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These DC speed cameras haven’t vanished — they’re just harder to spot

With high-resolution sensors, 3D imaging technology, and an overall stealthier build, these new speed cameras can detect and track up to 32 vehicles at one time in up to six lanes of traffic.

WASHINGTON — A 29-megapixel sensor, broadcast-quality video, a high-speed cell network connection, variable flash output — these might sound like technical specs for a consumer DSLR, but they’re actually a new generation of traffic cameras meant to catch speeders.

Next time you’re at a busy intersection, good luck looking for them — they’re also getting harder to spot.

Several of D.C.’s box-shaped portable cameras have recently been replaced with new, fixed cameras. The technology is mounted high above the highway and can be strapped onto pre-existing poles.

The manufacturer of the new ‘Auto Patrol’ cameras, American Traffic Solutions, describes their technology as “unobtrusive and highly effective,” and “noninvasive.” An ATS fact sheet states that their 3D radar beam technology can detect and track up to 32 vehicles at one time in up to six lanes of traffic.

The upgrades come after a rash of attacks on automated enforcement technology. More than a dozen cameras were deliberately damaged during the first half of 2018.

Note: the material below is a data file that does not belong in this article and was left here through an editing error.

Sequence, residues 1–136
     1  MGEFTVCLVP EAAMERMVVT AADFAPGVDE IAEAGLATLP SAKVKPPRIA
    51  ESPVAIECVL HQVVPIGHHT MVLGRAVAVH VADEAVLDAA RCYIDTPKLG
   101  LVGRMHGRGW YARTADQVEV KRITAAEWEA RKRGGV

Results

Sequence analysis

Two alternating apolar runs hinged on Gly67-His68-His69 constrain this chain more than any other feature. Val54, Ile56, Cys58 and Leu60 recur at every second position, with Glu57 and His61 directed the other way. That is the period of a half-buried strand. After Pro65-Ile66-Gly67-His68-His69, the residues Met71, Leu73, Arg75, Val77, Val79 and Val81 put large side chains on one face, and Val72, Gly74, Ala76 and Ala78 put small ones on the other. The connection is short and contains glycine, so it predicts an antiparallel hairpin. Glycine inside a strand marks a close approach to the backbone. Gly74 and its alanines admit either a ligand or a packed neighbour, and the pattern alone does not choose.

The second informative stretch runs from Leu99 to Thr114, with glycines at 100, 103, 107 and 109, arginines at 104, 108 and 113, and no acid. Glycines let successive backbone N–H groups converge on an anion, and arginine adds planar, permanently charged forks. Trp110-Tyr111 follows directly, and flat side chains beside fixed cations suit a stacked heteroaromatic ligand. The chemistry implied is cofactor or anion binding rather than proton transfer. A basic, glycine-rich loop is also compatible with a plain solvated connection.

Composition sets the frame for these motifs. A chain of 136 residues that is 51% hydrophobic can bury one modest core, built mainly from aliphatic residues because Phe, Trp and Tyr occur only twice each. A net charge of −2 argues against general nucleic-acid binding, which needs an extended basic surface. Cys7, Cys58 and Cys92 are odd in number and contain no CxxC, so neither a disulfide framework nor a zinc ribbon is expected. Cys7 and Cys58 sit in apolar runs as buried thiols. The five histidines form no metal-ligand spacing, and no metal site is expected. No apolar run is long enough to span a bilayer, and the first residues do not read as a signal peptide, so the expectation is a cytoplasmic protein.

The boxy camera along the southbound lanes of D.C. Route 295 south of Eastern Avenue is one of the cameras recently replaced.

The old camera along the northbound lanes of Interstate 295 north of Oxon Cove — once criticized for its precarious location — has also vanished, with a new camera subtly mounted on a pole a bit farther north. A new, pole-mounted camera above South Dakota Avenue near V Street Northeast is already busy flashing vehicles headed for New York Avenue.

Fines for speeding in the District can be as high as $250. The D.C. Council recently passed a bill that halts the suspension of driver’s licenses for unpaid fines.

D.C. police insist the speed cameras are all about public safety, but there’s no doubt they produce a reliable revenue for local governments.

It is unclear how many of the older cameras will be replaced. D.C. police were not immediately available for comment.


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